Chapters 6 to 8 examine corruption in specific sectors. Each chapter starts out with an overview of the functions and structure of a sector before going on to explain how corruption has taken place there and how malfeasance has been investigated by journalists and researchers as well as official bodies.
Chapter 6 explains the complex issue of public procurement or how national and local government units purchase goods and services and contract out public works. The chapter describes the procedures followed in government procurement and shows how corrupt contractors and bureaucrats have gone around these procedures to steal public funds. The chapter also lists the "red flags," the signs that indicate that bribery is likely taking place and that investigators should look out for when probing government contracts and purchases.
Chapter 7 describes the structure of the Philippine judicial system and provides tips on investigating corruption in the courts. Chapter 8 does the same for the environment sector and lists guide questions for investigating corruption in the environment.
Chapters 9 and 10 describe the efforts being undertaken to curb corruption. Chapter 9 looks at all the government bodies that are tasked with investigating and prosecuting corruption in the public sector. This is useful for those who wish to know which government agency is responsible for probing the corrupt act or official they are interested in, the powers of this agency, and the way in which it is structured. Finally, Chapter 10 describes the work of nongovernmental groups in campaigning for good governance, researching corruption, and probing malfeasance.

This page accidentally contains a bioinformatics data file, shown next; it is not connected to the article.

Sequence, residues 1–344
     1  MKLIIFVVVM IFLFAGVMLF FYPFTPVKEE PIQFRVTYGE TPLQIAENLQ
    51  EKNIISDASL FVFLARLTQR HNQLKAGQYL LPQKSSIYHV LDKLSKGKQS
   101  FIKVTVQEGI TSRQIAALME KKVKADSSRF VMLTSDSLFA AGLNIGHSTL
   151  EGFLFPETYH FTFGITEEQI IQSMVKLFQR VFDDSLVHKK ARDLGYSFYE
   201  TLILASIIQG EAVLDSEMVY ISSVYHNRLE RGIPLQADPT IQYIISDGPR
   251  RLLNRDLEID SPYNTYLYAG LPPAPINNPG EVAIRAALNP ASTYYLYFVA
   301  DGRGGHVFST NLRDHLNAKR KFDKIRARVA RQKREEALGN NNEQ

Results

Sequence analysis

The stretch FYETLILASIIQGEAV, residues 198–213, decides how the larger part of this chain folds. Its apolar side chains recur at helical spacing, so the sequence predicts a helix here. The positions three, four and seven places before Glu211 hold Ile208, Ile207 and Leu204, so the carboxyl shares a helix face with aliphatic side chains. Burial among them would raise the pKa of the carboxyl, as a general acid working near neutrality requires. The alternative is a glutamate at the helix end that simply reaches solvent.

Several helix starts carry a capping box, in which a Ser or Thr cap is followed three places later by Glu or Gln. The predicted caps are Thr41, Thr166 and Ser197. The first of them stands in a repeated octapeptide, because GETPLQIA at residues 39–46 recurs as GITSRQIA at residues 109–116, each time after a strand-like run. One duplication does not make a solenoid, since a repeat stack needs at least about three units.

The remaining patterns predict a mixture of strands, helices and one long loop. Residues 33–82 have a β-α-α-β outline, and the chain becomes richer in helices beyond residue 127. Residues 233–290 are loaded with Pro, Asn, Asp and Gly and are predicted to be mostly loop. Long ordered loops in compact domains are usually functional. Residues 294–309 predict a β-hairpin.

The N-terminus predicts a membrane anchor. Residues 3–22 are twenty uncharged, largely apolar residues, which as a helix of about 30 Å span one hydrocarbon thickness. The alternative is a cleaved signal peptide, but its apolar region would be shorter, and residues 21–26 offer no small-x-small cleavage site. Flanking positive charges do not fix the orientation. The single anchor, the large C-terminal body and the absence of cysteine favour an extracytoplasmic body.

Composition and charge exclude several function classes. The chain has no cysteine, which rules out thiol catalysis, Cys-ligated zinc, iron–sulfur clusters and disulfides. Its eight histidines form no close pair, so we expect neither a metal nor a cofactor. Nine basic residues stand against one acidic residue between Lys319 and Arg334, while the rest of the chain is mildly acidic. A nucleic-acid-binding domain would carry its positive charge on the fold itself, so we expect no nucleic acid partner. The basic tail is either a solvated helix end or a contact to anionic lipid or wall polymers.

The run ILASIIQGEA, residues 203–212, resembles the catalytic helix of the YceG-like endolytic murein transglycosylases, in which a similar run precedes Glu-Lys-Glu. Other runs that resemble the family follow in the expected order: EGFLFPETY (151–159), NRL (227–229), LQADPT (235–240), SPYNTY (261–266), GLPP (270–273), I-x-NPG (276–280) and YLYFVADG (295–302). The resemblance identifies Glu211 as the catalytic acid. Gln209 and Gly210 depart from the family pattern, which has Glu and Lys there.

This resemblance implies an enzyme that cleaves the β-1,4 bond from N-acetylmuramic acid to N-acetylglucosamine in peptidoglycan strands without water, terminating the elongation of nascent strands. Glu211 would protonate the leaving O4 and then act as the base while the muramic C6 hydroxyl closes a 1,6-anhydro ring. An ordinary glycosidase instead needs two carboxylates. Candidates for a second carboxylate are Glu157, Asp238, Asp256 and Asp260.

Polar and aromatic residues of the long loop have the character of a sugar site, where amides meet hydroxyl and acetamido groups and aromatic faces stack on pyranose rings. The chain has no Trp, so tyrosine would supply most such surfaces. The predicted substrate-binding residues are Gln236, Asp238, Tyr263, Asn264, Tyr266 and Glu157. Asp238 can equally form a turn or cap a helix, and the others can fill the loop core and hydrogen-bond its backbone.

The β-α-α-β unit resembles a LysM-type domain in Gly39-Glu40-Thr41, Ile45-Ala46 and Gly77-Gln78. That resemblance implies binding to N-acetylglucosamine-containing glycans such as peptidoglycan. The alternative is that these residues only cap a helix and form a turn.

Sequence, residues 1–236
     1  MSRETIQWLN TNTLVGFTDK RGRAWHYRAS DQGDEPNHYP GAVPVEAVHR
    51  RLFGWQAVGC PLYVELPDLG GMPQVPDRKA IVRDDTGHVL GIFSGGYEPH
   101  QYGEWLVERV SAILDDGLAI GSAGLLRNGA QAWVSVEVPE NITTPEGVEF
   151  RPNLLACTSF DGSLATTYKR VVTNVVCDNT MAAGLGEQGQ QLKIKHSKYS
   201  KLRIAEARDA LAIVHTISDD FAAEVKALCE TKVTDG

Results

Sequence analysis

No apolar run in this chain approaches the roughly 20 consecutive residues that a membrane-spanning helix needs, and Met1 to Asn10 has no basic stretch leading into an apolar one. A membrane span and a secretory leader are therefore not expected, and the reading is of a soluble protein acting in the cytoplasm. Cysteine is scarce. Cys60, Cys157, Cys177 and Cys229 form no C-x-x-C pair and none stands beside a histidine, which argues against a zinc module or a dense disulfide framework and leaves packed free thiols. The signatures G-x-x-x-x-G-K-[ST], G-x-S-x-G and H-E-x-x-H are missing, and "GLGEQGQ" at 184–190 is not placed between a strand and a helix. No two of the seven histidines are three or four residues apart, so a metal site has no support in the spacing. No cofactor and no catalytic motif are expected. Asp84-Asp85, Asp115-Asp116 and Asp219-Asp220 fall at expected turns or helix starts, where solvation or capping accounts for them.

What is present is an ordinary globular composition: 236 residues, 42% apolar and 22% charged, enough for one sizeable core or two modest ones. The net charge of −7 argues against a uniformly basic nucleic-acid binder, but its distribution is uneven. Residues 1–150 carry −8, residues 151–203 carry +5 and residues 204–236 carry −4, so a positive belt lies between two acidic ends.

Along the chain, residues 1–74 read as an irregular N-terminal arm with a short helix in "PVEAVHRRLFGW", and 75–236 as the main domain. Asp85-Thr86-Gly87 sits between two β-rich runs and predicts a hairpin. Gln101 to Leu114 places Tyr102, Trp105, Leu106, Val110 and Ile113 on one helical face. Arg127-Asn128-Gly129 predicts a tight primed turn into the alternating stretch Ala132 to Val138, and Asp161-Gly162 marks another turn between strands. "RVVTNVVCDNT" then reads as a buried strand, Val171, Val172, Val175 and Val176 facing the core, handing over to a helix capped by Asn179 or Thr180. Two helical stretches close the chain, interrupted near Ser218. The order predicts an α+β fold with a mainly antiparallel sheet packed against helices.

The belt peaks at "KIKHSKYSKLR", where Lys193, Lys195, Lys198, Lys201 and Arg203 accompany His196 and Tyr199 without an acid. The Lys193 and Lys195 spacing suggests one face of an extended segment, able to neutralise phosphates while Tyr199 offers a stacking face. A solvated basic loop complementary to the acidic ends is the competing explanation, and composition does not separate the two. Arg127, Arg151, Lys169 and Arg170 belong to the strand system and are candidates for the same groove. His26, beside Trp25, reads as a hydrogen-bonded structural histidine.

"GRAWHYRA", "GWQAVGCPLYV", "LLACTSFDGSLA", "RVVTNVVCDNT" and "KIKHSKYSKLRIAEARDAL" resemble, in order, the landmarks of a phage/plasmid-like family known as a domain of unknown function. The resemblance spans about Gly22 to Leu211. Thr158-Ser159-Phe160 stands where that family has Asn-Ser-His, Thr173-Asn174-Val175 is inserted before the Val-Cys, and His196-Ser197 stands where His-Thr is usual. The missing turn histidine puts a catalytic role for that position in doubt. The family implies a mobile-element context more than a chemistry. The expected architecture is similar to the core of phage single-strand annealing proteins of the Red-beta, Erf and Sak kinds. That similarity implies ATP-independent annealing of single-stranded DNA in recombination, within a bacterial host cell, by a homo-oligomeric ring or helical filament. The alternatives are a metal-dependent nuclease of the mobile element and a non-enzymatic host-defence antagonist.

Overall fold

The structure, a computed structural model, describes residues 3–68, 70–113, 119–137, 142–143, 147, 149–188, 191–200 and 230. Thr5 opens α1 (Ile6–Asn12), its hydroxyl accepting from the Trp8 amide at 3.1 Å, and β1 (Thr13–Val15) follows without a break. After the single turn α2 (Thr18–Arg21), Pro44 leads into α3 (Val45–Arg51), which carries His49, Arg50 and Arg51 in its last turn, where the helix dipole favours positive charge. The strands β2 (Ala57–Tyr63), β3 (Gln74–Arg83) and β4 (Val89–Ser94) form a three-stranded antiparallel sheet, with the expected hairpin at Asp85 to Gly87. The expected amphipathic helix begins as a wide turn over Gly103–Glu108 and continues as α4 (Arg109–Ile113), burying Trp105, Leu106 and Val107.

Because each chapter was written with the idea that it can be read independently of the others, acronyms are spelled out and the complete names of individuals and agencies are given the first time they are used. Readers who go through the entire book will find that there are some repetitions, as the writers do not presume that those who read, say, Chapter 6 had already gone through Chapter 3. There are also natural overlaps in the sections: Chapter 3, for example, describes lifestyle and asset checks as one way of investigating officials. Asset checks are also tackled in Chapter 5, as they are one way of measuring the scale of corruption. To make it easier for readers, however, each chapter has references (enclosed in square brackets and italicized) to other sections and chapters in the book where the same subject is tackled. At the end of this volume, there is a list of the books, articles, and other reference material that were used in writing each chapter.
This is a manual, after all, and it is designed to make it easy for users to find what they want. For this reason, the headers on each page indicate the section in the chapter to which that page belongs, while the notations on the right or left margin of every page indicate the chapter title. In addition, the main sections in each chapter are listed in the table of contents.
Investigating Corruption was designed to be user friendly. We hope it is really so.
Sheila S. Coronel